Tongue diseases could be reflections of altered systemic conditions or, also, initial forms of local and often severe pathologies (for example, carcinomas) [1, 2]. The most commonly encountered tongue diseases resulting from systemic conditions are median rhomboid glossitis, atrophic glossitis, fissured tongue, and geographic tongue, while among local conditions, there are papilloma, hairy tongue and leukoplakia with their possible malignant evolution [2, 3].
Atrophic glossitis (AG) is an inflammatory disorder of the tongue mucosa that shows a smooth, glossy appearance with a red or pink background . The smooth appearance is linked to the atrophy of filiform papillae that causes the development of circinate erythematous ulcer-like lesions of the dorsum and the lateral border of the tongue [2, 4]. This disease is primarily related to various conditions such as amyloidosis, chemical irritations, drug reactions, local infections such as candidiasis, nutritional deficiencies, pernicious anemia, malnutrition, sarcoidosis, Sjögren’s syndrome, systemic infections, psoriasis, vasculoerosive diseases or celiac disease [1, 2, 4, 5]. Since there are so many different possible causes, etiological identification of AG can be extremely difficult, so that various analyses and investigations are needed before diagnosis . For the same reason, the etiology sometimes remains unknown until symptoms other than tongue inflammation are identified .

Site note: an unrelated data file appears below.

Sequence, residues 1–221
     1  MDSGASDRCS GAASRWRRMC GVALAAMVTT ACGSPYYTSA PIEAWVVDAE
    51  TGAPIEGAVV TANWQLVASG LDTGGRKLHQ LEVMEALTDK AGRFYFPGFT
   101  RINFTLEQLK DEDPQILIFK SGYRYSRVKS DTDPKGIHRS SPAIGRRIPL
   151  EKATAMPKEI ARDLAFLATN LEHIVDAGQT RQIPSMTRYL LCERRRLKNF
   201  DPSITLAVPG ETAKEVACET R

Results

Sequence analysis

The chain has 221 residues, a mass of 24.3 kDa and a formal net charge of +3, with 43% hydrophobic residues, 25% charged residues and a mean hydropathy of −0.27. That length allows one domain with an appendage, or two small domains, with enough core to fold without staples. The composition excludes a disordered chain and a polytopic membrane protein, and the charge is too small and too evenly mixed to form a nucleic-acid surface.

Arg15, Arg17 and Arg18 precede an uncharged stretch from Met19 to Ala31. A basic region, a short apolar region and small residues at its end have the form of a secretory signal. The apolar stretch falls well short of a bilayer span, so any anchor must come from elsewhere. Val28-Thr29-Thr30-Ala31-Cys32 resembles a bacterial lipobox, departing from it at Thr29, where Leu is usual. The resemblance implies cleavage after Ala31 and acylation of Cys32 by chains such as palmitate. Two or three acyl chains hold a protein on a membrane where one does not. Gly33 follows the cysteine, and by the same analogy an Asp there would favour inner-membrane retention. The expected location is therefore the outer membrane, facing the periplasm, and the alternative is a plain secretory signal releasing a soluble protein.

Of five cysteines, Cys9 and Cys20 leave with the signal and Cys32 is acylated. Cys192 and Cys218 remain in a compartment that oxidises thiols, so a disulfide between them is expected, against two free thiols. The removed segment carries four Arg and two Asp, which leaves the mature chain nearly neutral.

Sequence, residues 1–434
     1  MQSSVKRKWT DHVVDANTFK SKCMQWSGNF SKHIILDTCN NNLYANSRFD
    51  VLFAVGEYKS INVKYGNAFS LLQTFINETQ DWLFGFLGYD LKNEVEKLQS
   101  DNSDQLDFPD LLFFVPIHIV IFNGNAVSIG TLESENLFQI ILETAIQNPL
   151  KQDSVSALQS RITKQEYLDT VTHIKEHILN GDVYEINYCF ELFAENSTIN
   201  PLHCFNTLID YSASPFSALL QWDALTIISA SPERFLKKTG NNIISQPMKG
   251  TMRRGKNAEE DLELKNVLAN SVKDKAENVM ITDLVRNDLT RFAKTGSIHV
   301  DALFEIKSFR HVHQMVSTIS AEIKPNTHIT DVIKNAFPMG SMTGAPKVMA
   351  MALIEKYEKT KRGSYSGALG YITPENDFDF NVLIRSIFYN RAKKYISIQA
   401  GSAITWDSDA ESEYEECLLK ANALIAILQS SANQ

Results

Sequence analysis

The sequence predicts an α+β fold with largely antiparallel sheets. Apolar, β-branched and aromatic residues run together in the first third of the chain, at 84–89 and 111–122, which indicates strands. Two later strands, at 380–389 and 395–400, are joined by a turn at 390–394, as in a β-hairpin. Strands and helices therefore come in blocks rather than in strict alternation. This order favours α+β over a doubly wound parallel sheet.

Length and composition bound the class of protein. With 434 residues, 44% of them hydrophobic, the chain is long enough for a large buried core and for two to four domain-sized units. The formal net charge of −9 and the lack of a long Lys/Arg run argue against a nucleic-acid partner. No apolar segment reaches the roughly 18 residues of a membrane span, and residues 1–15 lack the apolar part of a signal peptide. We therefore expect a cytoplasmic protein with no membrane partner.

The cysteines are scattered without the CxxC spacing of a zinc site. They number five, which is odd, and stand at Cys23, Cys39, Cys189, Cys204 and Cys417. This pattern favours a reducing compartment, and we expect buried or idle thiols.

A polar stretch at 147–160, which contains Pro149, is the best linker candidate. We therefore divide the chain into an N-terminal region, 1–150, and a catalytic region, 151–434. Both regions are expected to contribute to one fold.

Celiac disease (CD) is a disorder linked to an autoimmune intolerance to gliadin, a protein contained in gluten. The main target of this intolerance is the mucosa of the small intestine with development of histological lesions characterized by various degrees of villous atrophy, crypt hyperplasia, damage to the surface epithelium, and an increased number of activated lymphocytes and other inflammatory cells infiltrating the lamina propria.